Documented in various references are tapes that The Beatles or their antecedents made between 1957 and 1962, which may or may not exist in somebody’s desk drawer or vault. Following are ten which may see the light of day in some future utopia (references in parentheses):
(1) Hunter Davies mentioned that in (perhaps Autumn) 1957 Stu Sutcliffe and John Lennon, while at Art College of Liverpool Institute, persuaded a college committee to buy a tape recorder, “ostensibly for use by all students.” This John “borrowed” in order to record and hear how The Quarrymen were doing. Davies claimed that Stu later gave Astrid Kirchherr a reel from these recordings. However, it is now known that Kirchherr received a different reel (1960, April circa). It anyway makes no sense that Stu, having actually joined the band in January 1960, would have given Astrid a recording made without him, especially three years prior. Such tapes are unlikely to exist.
Davies, The Beatles, pp. xlv, 58.
(2) It has been noted that, from perhaps late 1957 into 1958, Geraldine Davies, who lived next door to Colin Hanton, intermittently recorded Quarrymen rehearsals on a Grundig machine. In 1993, Rod Davis borrowed these so-called "Davies/Wong tapes," but found that The Quarrymen recordings had been taped over with other material. It is possible, but unlikely, that a reel escaped notice in some corner.
Harry, The John Lennon Encyclopedia, p.186; Everett, The Beatles as Musicians: The Quarrymen Through Rubber Soul, p.371; Unterberger, The Unreleased Beatles, p.11.
(3) A recording of “Pick a Bale of Cotton” (Leadbelly) was made by Paul McCartney, Neil Harding, and two others during a lunch break at Liverpool Institute, circa late 1958 to early 1959. It is suggested that the tape (aka the “Burfitt tape”) may be in Northern Ireland, where Harding relocated.
Curley, Beatle Pete (2005), p.448; Everett, The Beatles as Musicians: The Quarrymen Through Rubber Soul, p.371.
(4) Several times in 1959, Rory Storm and the Hurricanes (Ringo on drums and vocals; sometimes George Harrison on guitar) were recorded while playing at Liverpool clubs, particularly at the Morgue Cellar. This appears to be the extent of knowledge on these tapes.
Everett, The Beatles as Musicians: The Quarrymen Through Rubber Soul, p.371.
(5) Alan Williams, early booking agent/manager for the lads, recalled a tape he made at the Jacaranda, which in 1960 (perhaps June) he played for Bruno Koschmider in order to book "The Silver Beetles" (and other bands) to the Kaiserkeller Club in Hamburg. Williams described the tape as “an absolute cacophony” and a “sound track for a very poor horror movie.” This tape is thought to exist.
Ryan, John Lennon’s Secret, p.60; Williams, The Man Who Gave the Beatles Away.
(6) On October 15, 1960, The Beatles (with Pete Best) and members of Rory Storm and the Hurricanes (including Ringo) played backup to Lu Walters, singer and bass player for The Hurricanes, for an acetate made in similar fashion to “That’ll Be the Day” (1958, Spring or Summer). This occurred in Hamburg, with Alan Williams in attendance. The songs “Fever” and “Summertime” (and possibly “September Song”) were recorded to the disc. Williams later lost his copy (four are assumed) while en route to present it to Ringo. A photo of this acetate appeared in Williams' book, and a 1963 Mersey Beat article claimed that the recording was popular on the Liverpool underground pop scene. It is likely that a copy of the disc still exists.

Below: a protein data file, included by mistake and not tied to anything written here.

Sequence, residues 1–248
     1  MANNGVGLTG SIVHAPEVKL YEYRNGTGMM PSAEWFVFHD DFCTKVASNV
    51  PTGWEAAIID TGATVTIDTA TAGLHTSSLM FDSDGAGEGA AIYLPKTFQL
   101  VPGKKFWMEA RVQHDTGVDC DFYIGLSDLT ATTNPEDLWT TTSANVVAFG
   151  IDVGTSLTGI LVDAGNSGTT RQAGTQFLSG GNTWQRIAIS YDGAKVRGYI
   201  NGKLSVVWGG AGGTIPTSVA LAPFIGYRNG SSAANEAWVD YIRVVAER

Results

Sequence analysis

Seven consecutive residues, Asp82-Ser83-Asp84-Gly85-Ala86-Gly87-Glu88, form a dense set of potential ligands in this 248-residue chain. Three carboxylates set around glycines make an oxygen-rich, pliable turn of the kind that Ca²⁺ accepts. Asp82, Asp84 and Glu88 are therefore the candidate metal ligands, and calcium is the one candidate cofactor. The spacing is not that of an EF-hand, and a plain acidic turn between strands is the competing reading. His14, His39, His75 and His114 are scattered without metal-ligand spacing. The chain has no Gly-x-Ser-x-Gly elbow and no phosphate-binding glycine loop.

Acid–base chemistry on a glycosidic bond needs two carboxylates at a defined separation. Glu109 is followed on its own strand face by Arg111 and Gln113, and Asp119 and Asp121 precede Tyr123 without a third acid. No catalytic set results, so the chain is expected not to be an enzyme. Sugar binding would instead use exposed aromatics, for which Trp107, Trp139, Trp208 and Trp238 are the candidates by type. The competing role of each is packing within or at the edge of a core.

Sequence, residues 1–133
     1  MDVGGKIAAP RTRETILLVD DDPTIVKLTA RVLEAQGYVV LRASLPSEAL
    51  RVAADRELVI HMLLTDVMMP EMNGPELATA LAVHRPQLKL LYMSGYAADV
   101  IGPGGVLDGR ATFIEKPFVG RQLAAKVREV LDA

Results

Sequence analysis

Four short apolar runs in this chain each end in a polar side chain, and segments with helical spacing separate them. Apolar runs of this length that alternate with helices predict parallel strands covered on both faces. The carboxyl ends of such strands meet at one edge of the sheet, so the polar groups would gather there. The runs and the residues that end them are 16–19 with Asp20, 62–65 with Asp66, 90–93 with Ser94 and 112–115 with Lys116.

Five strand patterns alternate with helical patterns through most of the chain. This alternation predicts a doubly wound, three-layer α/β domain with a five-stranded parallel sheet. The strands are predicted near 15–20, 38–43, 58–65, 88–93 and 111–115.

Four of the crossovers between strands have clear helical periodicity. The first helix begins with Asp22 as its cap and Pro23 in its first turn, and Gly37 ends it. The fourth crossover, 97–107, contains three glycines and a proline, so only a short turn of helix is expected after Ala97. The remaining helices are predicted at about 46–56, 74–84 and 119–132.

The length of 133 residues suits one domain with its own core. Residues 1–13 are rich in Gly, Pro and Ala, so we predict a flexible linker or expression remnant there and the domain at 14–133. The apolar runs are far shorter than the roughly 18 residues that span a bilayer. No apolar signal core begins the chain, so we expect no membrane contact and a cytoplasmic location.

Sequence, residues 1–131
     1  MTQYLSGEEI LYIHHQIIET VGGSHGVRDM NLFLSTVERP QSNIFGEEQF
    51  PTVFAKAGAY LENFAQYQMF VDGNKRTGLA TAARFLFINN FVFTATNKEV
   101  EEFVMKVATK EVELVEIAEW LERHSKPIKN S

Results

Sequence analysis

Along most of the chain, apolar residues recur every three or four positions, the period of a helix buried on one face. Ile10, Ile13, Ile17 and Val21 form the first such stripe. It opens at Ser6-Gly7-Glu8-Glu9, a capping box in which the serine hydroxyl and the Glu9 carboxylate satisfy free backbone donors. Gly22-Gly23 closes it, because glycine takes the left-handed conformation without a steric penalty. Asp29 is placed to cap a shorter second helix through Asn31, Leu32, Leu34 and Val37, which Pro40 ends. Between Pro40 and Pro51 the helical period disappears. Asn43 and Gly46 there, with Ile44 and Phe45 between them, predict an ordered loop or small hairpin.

Unterberger, The Unreleased Beatles, p.13; Williams, The Man Who Gave the Beatles Away.
(7) Tony Sheridan mentioned, in an interview for the September 6, 1975 issue of New Musical Express, that he believed The Beatles (with or without Sheridan) recorded the songs “Kansas City,” “Rock and Roll Music,” and “Some Other Guy” at the Hamburg sessions (1961, June 22-23). It is doubtful, however, that these still exist (if ever they did), since Gottfriddson did a thorough material search for the CD-set Beatles Bop – Hamburg Days. Nevertheless, hope springs eternal.
Russell, The Beatles on Record, p.5.
(8) A tape from the Summer (likely) of 1962, consisting of eighteen songs performed by The Beatles at the Cavern Club, was purchased by Paul at a Sotheby’s auction on August 29, 1985. No part of this was used for Anthology, so the sonic quality is assumed to be awful. The tape exists, but not for you.
Everett, The Beatles as Musicians: The Quarrymen Through Rubber Soul, p.116.
(9) What we have next is disputed. Reputedly from July 1, 1962 is a tape of Gene Vincent singing “What’d I Say,” with The Beatles backing. Now, both the Beatles and Vincent did play the Cavern Club on this date, and The Beatles did meet Vincent (photos prove it), so most would say, “Why not?” Others have provided good analysis showing the tape to be from another date (perhaps 1965, sans Beatles). This tape circulates (for example, on the bootleg Artifacts II, disc 1), so it’s a cheat for the category at hand. The question is, Does it truly belong in the Beatles canon, except by reputation?Miles, The Beatles: A Diary, p.48; Everett, The Beatles as Musicians: The Quarrymen Through Rubber Soul, p.371; Unterberger, The Unreleased Beatles, p.44.
(10) On November 26, 1962, The Beatles performed in Abbey Road Studios several passes at “Tip of My Tongue.” Though considered for a time as a B-side, the Fabs decided to give this song to Tommy Quickly (also under contract to Brian Epstein). Although documentation so far denies it, a tape of the Beatles performances may still be in EMI vaults.
Lewisohn, Recording Sessions.
There are several other known tapes or acetates from this time period which are lost or missing, but they are even less likely to exist (if that's possible).
Although I use quotes from sources, or cited fact, much of the material on this and other pages of my blog is original, from my own pen. This is not cut-and-paste, it is a work of art. Copyright © 2010 Tom Wise